Harken back to a happier time, a time when cheerful youth clubs like the Edwardians, the Mods and the Rockers played in the carefree streets of the 50’s and 60’s, out for a laugh and a some fun. ‘Golly Gee’ and ‘Jeepers’ they would yell at each other while playing catch with their pocketknives and bike chains.
Suddenly, all that changed. The streets turned ugly and so did the language. One day the knife was no longer a fun toy, but a dangerous weapon. By the early 70’s it was all a distant memory. Children began turning against their parents, chaos ruled the night and golly gee turned in to I’m gonna fucking kill you!
Ever wonder what happened? It can all be traced back to a singular event, in 1968 on August 28 in North America and August 30 in the UK, the beatles released the single Hey Jude. It snaked instantly into the charts and remained there for sixteen weeks, spending two in the number one position (before getting knocked out by Mary Hopkin’s eerily prophetic ditty, Those Were The Days).
This cheerful little six minute dirge contained enough subliminal debauchery to castrate the common decency of every god-fearing human that heard it. The hypnotically boring, mantra-like outro served as the mallet which hammered its spiked message into the consciousness of a generation.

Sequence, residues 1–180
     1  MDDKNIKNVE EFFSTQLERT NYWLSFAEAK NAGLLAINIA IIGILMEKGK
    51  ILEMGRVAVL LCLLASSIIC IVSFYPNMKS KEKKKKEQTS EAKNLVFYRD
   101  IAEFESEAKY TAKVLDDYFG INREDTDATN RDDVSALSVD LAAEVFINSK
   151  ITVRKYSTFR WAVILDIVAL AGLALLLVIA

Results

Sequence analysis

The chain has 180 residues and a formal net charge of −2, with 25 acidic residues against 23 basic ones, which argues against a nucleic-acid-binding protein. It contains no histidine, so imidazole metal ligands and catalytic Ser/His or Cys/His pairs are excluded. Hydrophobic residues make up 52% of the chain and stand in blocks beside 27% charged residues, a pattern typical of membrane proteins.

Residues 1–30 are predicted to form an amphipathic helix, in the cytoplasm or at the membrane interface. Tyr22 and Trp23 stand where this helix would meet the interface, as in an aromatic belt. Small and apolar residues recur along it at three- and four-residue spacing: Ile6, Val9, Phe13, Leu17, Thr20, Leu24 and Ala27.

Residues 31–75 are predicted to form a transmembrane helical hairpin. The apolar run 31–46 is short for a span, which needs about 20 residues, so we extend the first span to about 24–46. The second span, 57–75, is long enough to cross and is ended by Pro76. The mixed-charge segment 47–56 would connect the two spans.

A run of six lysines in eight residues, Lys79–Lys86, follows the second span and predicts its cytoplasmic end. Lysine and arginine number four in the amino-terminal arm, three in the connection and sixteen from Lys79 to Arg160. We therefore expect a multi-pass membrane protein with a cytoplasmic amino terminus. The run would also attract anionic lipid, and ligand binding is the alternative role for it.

This concealed directive occurs at approximately 2:55 in the song, briefly into the third verse between the lines The minute you let her under your skin and, then you begin. Right as the word begin is sung you’ll hear an Paul say, ‘Fucking Hell.’ Listen closely:
To prove this isn’t a doctored recording go and listen to the album. If you don’t have seventeen copies already go buy another one, drop another donation in the church of beatleology on your way out the door.
For a deeper look into the horrid dungeon of filth, evil and despair that comprised the beatles recording sessions from Revolver in ’66 to the White Album in ’68, take a look at the memoirs of Geoff Emerick, a poor soul unfortunate enough to have suffered through these dark days as a recording engineer. His mind has obviously been bent and warped out of shape from the trauma of these years, in fact I’m surprised he’s not a drooling idiot at this point and is still coherent enough to spit frenzied words at some beatle apologist hungry to make his quota of FF books for the week. If you can’t forgive him for what he helped wrought on mankind, just try and remember these points:
1. Somebody else would have done it.
2. They might not have been brave or strong enough to stay alive and report the Hey Jude incident.
Geoff Emerick’s book